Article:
Chipilin (Crotalaria longirostrata)

Common names:
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Give a thumbs up Longbeak Rattlebox
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General Plant Information (Edit)
Plant Habit: Herb/Forb
Life cycle: Perennial
Sun Requirements: Full Sun
Plant Height: up to 5 feet
Flower Color: Yellow
Flower Time: Summer
Late summer or early fall
Fall
Uses: Culinary Herb
Vegetable
Cooked greens
Will Naturalize
Suitable as Annual
Edible Parts: Leaves
Eating Methods: Culinary Herb/Spice
Raw
Cooked
Wildlife Attractant: Bees
Birds
Butterflies
Containers: Suitable in 3 gallon or larger

Image

Photo gallery:
Location: Savannah, Georgia, USADate: 2014-02-18
By greene
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Location: Savannah, Georgia, USADate: 2014-02-18
By greene
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Location: Savannah, Georgia, USADate: 2014-02-18
By greene
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Location: Savannah, GA, USADate: 2014-10-01
By greene
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Location: Savannah, GA, USADate: 2014-10-22
By greene
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Location: Savannah, Georgia (my neighbor's garden)Date: 2017-Sept 17Leaves of the Chipilin plant
By greene
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Location: Savannah, Georgia (my neighbor's garden)Date: 2017 Sept 17This patch of Chipilin grows more than 6 feet tall.
By greene
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Location: Savannah, GA, USADate: 2014-08-11Grown from cuttings.
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Location: Savannah, GA, USADate: 2014-10-22
By greene
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Location: Savannah, Georgia, USA (my garden)Date: 2015-Aug-9This plant overwintered in a pot; came back and grew to 5+ feet t
By greene
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Comments:
Posted by greene (Savannah, GA (Sunset 28) - Zone 8b) on Jul 4, 2014 1:32 PM

This plant is common in kitchen gardens in southern Mexico and Central America. If you live where the growing season is short, start from seeds indoors as you would tomatoes or peppers and transplant when your weather warms. This plant can be a perennial, but if your area has frost/freezing temperatures, grow this as an annual. Deadhead or remove seeds to prevent volunteer plants as this can become somewhat invasive in warmer climates. Outlawed in Hawaii and Australia. The leaves are the edible portion; cook before consuming.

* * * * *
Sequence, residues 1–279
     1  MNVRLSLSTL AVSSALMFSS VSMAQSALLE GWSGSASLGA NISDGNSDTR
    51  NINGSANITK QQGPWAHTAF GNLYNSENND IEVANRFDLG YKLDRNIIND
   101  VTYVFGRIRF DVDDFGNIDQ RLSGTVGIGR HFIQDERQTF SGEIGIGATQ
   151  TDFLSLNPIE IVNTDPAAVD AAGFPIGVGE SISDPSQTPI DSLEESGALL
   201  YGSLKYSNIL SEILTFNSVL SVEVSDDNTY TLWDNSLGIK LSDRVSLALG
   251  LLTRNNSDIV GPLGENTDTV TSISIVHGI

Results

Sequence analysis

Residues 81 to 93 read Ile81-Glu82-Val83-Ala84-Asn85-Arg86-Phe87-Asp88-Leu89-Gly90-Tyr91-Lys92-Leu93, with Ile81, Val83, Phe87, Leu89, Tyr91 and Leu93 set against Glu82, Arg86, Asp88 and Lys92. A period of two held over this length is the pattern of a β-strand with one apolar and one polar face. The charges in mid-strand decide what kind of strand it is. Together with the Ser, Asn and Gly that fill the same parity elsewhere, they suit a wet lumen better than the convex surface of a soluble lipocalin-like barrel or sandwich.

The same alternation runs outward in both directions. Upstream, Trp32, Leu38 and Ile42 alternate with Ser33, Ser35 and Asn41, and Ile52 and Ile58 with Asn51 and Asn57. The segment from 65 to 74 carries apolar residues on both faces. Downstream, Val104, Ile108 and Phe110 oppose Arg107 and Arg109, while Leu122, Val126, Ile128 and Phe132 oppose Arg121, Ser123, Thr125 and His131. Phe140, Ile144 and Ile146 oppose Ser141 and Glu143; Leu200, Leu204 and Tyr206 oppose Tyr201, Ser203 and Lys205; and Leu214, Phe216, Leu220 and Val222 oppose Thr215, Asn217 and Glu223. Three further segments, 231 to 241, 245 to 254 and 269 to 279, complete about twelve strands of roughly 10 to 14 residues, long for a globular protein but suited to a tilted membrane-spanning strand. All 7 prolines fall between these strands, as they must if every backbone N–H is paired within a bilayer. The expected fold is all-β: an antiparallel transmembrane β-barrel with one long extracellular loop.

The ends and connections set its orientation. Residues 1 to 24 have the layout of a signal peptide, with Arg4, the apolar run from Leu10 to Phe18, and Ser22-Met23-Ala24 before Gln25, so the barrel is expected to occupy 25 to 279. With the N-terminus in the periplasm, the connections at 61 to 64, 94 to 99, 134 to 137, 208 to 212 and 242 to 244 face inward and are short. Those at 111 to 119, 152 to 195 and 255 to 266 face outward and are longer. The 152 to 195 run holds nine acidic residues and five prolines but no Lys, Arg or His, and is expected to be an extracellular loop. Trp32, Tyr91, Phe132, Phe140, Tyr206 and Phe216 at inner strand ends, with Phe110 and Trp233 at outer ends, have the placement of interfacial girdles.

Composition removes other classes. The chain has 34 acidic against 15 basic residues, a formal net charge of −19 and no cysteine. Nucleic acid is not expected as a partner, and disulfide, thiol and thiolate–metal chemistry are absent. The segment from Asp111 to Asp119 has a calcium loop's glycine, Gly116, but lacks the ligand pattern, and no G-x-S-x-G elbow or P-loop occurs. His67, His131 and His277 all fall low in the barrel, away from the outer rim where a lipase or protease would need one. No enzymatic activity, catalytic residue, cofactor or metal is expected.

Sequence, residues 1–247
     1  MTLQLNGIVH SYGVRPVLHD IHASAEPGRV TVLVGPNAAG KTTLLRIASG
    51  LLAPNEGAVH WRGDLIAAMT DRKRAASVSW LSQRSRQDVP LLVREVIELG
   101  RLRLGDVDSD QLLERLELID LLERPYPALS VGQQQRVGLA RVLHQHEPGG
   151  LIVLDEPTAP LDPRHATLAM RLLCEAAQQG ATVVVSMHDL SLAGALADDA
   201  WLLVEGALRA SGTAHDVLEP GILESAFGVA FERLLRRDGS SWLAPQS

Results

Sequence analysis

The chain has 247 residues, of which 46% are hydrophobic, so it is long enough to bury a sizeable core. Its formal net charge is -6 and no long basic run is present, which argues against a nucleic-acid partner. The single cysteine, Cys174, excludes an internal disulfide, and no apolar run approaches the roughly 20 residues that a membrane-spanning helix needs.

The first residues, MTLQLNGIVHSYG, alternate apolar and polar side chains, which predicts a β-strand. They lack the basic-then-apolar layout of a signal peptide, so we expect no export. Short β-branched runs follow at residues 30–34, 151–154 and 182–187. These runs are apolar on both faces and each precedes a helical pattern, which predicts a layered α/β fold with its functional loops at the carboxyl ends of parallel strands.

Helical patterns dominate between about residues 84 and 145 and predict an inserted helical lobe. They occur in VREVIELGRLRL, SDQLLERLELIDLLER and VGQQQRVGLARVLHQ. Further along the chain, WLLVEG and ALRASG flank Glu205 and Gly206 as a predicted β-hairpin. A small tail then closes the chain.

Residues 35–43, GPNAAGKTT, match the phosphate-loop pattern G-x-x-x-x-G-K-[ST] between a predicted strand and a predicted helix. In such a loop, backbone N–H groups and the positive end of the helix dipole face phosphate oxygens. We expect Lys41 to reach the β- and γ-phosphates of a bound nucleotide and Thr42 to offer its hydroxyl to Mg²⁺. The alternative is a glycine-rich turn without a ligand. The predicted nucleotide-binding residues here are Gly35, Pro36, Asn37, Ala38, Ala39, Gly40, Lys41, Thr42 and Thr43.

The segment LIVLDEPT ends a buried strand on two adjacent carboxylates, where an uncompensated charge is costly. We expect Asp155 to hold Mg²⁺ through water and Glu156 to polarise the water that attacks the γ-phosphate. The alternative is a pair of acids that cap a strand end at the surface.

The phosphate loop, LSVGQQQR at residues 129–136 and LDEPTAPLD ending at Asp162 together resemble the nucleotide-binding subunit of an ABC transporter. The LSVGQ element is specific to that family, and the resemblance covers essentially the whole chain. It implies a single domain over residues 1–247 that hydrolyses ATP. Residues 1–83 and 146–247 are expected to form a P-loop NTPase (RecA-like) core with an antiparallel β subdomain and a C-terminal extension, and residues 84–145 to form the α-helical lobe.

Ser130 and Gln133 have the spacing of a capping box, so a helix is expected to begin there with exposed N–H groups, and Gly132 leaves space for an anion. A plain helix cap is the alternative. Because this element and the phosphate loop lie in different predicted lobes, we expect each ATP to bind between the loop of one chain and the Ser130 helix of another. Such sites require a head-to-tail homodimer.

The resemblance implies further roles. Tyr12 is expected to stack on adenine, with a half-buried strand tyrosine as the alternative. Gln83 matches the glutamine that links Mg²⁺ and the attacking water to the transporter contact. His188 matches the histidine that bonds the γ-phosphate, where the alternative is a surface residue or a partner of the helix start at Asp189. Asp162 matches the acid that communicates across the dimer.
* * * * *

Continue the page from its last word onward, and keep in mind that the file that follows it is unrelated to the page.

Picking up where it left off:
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Posted by dbrawner (Daufuskie Island SC - Zone 8b) on Aug 30, 2014 1:47 PM

Over 4 times the protein compared to spinach.
Crotalaria longirostrata = 4.1g per 1/2 cup
Spinach = .45 per 1/2 cup

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Posted by greene (Savannah, GA (Sunset 28) - Zone 8b) on Oct 12, 2015 10:01 PM

When I first rescued seeds for this plant I did not know anything about it, only that my neighbor, who is from Guatemala, said it is good to eat and called it Chipilin. In the past I knew that members of the Crotalaria family are very pretty, they can become weeds, and many are poisonous. I would not advise anyone to eat any part of a plant without a correct identification.

Continuing research tells me that there are other Crotalaria plants used as food:
C. vitellina and C. pumila, called Chiplin or sometimes Chipil/Chepil, are eaten in Guatemala;
C. ochroleuca, also called Sunnhemp/Sun Hemp, and C. glauca are eaten in parts of Africa;
C. juncea, also called Sunnhemp/Sun Hemp, is eaten in India and Bangladesh.

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Plant Events from our members
greene On January 9, 2017 Miscellaneous Event
Watching the Chipilin/Crotalaria longirostrata in my neighbor's garden. We had a low temperature of 29 degrees and the unprotected plants were killed to the ground. The growing season in this area usually does not allow enough days for the plants to produce seed.
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